“Fulk’s 10,000-year-old specimen, which was gifted to him during his annual vacation to the Alaskan fishing village of Noatak, was discovered frozen in a glacier cave near Eschscholtz Bay,” stated the news release, accompanied by the photo shown above. “By extracting DNA from the fur and claws of this incredibly preserved saber-toothed tiger, the geneticists at University of California-Santa Cruz paleogenomics lab may be able to bring the prehistoric large cat back from extinction. Using the genome of an Asiatic lion as a model, the scientists will attempt to recode Smilodon’s genome to create a living cell that would then be used with existing cloning technology.

These developments do have some significant ethical considerations and safety concerns, as these animals’ niches no longer exist and living animals may not be immune to the pathogens they may have.

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Comments

living animals may not be immune to the pathogens they may have.

Even if somebody screws up and extracts some random pathogen’s genetic material, the host cell they’re trying to modify won’t be a very good match.

In any case, don’t expect much. They’ve been tossing this around for forty years that I know of, and nothing’s happened yet. Most talk so far has involved elephants.

The Museum in Yakutsk has loads of spare parts. I bought a few Mammuthus primigenius teeth from them in the early Internet days. Pretty cool, but very dead.

Bring it. I want a 9″ T-Rex I can keep in an aquarium. Oh yeah. And it should breath fire.

didn’t jeff goldblum screaming about chaos theory teach them anything?

JusticeDelivered | September 8, 2018 at 4:53 pm

I have far ranging scientific interests. I doubt that we will see new pathogens from cloned prehistoric animals. The clone will never be exposed to pathogens of its time.

We may discover new/old medically useful genes. All discoveries come with risks and benefits. There is no reason that we cannot create these things with a kill switch, maybe with a second backup kill switch.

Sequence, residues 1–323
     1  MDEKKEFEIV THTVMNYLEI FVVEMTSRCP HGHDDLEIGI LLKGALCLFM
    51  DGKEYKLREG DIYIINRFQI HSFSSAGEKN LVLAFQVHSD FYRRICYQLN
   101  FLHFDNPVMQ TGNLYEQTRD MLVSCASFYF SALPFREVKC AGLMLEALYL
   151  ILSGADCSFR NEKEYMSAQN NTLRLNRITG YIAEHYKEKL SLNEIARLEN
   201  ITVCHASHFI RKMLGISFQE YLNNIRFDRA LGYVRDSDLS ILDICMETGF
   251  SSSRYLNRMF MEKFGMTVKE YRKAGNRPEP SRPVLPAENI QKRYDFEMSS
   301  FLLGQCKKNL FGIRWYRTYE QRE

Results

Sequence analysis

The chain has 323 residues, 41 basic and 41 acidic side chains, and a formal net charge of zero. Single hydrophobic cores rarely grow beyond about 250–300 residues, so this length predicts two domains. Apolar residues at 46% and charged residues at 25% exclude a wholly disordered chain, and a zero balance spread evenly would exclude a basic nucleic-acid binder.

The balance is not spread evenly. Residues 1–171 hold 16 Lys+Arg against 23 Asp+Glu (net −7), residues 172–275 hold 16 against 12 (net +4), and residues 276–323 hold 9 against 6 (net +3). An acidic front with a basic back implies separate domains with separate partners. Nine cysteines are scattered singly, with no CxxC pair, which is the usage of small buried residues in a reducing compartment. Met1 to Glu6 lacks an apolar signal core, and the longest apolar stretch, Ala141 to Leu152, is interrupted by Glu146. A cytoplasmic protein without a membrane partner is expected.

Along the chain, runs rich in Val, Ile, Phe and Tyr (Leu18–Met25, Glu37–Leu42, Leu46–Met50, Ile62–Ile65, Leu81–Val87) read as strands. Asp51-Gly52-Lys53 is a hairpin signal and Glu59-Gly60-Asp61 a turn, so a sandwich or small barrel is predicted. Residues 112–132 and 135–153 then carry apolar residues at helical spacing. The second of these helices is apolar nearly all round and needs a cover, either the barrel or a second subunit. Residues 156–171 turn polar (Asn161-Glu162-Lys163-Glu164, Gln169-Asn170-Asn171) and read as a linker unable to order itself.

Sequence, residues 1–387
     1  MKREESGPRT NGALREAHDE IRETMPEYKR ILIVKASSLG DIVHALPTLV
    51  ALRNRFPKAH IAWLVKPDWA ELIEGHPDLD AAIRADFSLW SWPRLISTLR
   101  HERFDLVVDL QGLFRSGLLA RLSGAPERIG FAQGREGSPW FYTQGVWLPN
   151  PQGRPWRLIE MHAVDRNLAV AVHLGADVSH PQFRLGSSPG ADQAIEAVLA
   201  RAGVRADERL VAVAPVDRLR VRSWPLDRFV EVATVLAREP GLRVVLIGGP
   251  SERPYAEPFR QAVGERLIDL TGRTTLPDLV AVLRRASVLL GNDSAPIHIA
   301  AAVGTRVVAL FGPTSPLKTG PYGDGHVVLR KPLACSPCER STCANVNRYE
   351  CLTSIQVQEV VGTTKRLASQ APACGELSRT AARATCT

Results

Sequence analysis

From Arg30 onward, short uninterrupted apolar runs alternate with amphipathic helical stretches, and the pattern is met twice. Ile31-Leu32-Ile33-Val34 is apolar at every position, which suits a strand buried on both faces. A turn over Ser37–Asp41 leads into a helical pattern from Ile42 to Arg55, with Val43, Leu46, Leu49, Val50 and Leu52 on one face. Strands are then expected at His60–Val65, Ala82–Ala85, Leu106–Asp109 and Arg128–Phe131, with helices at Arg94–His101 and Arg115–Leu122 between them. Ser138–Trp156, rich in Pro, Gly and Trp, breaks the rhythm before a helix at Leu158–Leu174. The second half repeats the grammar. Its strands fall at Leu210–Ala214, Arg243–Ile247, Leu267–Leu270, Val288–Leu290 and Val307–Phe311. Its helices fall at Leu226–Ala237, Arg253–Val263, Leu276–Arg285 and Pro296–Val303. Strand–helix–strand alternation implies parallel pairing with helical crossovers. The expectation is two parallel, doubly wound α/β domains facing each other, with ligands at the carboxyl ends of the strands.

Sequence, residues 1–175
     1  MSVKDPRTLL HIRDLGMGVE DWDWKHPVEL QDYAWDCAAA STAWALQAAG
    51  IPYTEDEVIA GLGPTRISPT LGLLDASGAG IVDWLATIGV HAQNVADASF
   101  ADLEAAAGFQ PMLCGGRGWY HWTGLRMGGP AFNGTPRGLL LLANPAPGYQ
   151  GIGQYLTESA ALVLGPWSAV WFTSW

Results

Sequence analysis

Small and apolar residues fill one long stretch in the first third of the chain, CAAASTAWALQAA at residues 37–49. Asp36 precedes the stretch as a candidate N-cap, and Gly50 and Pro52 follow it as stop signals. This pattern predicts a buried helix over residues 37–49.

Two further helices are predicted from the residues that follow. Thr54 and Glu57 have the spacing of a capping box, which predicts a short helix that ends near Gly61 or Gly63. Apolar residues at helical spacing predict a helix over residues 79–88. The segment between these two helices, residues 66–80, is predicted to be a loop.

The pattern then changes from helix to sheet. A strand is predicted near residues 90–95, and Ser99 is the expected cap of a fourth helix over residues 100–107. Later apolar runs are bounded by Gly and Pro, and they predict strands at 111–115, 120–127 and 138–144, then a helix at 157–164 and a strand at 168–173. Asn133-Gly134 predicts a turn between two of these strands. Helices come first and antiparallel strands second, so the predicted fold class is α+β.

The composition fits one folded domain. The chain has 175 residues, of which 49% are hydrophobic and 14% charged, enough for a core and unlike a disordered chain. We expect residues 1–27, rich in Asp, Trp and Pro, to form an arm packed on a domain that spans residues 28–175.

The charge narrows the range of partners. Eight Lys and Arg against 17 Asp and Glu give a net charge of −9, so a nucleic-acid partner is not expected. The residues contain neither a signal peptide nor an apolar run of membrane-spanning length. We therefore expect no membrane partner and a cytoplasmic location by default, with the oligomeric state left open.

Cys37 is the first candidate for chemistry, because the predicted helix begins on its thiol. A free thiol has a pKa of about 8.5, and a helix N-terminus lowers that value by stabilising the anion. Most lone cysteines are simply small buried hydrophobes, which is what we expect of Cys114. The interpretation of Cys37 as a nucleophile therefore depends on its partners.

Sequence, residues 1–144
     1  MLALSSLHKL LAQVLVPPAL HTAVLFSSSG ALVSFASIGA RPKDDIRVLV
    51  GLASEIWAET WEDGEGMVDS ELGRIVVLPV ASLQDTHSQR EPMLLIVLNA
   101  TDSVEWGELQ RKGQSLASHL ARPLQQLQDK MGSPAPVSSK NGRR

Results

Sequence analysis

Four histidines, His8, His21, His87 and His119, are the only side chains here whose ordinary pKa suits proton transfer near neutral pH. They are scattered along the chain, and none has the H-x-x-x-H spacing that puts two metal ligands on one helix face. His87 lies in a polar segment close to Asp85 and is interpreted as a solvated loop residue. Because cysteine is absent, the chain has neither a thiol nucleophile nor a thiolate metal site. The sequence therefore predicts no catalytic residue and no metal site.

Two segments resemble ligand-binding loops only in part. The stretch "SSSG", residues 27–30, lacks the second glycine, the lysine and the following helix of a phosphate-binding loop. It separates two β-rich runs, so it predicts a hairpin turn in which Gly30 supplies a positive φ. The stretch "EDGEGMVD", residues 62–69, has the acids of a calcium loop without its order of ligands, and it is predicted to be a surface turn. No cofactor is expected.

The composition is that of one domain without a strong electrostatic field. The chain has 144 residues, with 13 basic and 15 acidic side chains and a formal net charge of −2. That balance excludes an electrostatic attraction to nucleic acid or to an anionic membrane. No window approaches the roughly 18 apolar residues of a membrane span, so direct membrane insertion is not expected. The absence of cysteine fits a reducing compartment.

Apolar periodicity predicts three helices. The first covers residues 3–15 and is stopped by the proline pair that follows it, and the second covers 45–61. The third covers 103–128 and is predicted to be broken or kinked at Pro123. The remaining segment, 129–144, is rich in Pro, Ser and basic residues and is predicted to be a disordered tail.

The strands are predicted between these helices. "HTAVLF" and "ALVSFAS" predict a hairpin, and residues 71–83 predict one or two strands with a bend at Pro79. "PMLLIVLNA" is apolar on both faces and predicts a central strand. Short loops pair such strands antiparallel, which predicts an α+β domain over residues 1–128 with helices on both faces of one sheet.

Besides, think about the possibility of Sabertooth Tigers modified with remote control capabilities.

Testing of such could be in Iran, or the Middle East.

Israel is most certainly capable of this kind of work, think about Sabertooth Soldiers keeping the peace in palestine, fueled by martyrs.

PETA would no doubt feel outrage, and then we could introduce PETA to the critters, footage of that introduction could become the basis for a new very profitable movie.

The Russian paleo park has been around for a long time. Importing horse breeds and creating viable breeding stocks. They think there’s a gene responsible for mammalian blood being resistant to freezing. Lots of stuff like that.

They’ve done some interesting experiments on how huge herds of grazing animals impacted taiga permafrost and the release of methane gas. Replicating some of that impact using tracked vehicles.

Woolly: The True Story of the Quest to Revive One of History’s Most Iconic Extinct Creatures

It’s not nice to monkey around with Mother Nature because that’s racist, or something. However, if the scientists are hawt like Laura Dern, I could be persuaded.

    JusticeDelivered in reply to locomotivebreath1901. | September 8, 2018 at 11:40 pm